Keep it loose
- By Thomas R. Temin
- Sep 11, 2002
Thomas R. Temin, GCN executive editor
Ever been in one of those by-the-pound candy stores with scores of colorful bins filled with every imaginable type of candy? It's not just children who become overwhelmed by the possible combinations.
In some sense, that is the problem government agencies face as they try and work through, in the name of homeland security, the issue of data sharing.
A year ago, data sharing became the catchall phrase for what agencies would have to do after they realized how much information about the Sept. 11 terrorists existed in separate places.
But as the planning for a Homeland Security Department moves ahead at the White House and on Capitol Hill, does anyone have a concrete idea of what data is supposed to be shared by whom?
The locations of data related to the Sept. 11 attacks give little guidance because terrorists likely won't repeat their patterns for a future attack. You can't look in the rearview mirror to steer around narrow, twisting roads.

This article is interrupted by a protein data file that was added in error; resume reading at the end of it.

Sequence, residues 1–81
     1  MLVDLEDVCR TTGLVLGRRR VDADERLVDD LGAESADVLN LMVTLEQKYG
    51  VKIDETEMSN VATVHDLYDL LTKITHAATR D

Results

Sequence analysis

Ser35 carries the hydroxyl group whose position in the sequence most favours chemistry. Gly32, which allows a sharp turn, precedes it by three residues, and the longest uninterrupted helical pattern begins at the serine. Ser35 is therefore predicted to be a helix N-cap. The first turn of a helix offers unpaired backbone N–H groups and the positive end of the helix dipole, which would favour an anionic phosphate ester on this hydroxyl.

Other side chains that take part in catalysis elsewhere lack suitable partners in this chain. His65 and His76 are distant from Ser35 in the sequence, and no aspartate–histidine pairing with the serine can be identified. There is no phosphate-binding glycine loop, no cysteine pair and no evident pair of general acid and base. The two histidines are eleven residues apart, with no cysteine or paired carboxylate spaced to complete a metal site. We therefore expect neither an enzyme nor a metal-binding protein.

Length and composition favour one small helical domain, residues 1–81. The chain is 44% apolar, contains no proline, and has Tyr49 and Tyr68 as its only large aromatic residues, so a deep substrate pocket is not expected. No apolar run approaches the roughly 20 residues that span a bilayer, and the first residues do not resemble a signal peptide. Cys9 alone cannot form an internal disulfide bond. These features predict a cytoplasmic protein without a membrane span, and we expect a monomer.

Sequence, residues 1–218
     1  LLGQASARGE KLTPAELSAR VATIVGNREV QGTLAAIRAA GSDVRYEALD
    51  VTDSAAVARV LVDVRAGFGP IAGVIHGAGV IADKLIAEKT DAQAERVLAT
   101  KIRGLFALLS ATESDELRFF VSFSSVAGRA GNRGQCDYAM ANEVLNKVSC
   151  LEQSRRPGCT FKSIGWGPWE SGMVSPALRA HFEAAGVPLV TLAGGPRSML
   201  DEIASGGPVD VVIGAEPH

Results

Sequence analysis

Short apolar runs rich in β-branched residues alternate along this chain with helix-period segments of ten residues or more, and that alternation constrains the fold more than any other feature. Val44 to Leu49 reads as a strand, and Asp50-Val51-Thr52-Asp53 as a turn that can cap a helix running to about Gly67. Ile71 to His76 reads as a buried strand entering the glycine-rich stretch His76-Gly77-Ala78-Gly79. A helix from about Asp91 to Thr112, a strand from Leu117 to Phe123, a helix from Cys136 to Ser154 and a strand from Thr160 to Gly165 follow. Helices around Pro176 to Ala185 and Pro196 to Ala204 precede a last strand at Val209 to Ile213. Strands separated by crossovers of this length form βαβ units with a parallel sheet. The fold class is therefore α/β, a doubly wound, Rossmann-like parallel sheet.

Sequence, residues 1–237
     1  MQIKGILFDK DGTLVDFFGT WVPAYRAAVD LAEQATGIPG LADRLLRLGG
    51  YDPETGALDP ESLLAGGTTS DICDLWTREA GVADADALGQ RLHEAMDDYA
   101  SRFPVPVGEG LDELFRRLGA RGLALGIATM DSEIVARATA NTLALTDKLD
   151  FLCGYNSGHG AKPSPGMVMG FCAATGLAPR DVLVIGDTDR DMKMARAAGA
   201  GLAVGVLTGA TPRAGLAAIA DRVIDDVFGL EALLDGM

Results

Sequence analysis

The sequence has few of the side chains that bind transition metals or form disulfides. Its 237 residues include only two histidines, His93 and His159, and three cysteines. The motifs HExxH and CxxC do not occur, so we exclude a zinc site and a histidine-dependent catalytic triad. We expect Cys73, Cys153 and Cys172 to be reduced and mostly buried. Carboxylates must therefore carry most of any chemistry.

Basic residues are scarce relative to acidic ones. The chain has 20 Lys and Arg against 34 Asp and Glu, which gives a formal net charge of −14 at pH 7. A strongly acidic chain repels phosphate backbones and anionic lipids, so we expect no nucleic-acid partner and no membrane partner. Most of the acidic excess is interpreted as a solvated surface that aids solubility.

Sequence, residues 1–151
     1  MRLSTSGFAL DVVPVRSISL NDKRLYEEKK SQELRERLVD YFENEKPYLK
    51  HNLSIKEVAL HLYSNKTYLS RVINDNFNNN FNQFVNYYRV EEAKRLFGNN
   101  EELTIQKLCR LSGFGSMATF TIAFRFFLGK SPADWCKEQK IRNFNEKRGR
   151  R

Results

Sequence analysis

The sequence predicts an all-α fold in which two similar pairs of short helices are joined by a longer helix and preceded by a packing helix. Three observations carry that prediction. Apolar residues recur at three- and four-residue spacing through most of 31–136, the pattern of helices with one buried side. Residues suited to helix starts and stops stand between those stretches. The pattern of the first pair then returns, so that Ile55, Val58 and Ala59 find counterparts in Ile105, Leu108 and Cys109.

Agencies will never be able to anticipate every data sharing possibility, nor will there ever be a giant data warehouse in the sky. If homeland security requires anything, it is flexibility.
Three things are needed. First, officials must understand the data they have in their own agencies and how it might relate to the bigger security picture. They must combine that understanding with a willingness to share it with someone else on the hunch it might be useful'and be open to similar input from others.
Second, agency managers must learn what they can and can't do legally when it comes to data sharing. When needs arise, they must be able to act with knowledge'even when that knowledge tells them to seek a court order.
Third, the proposed department will need a flexible technical environment. Users must be able to share data sets as needed; the framework must avoid fixed setups that outlive particular tasks.
In other words, the government must avoid the futility of trying to predict every data sharing need possible. Instead, agencies must accept that data sharing requirements will constantly shift and build systems they can tailor to the tasks at hand.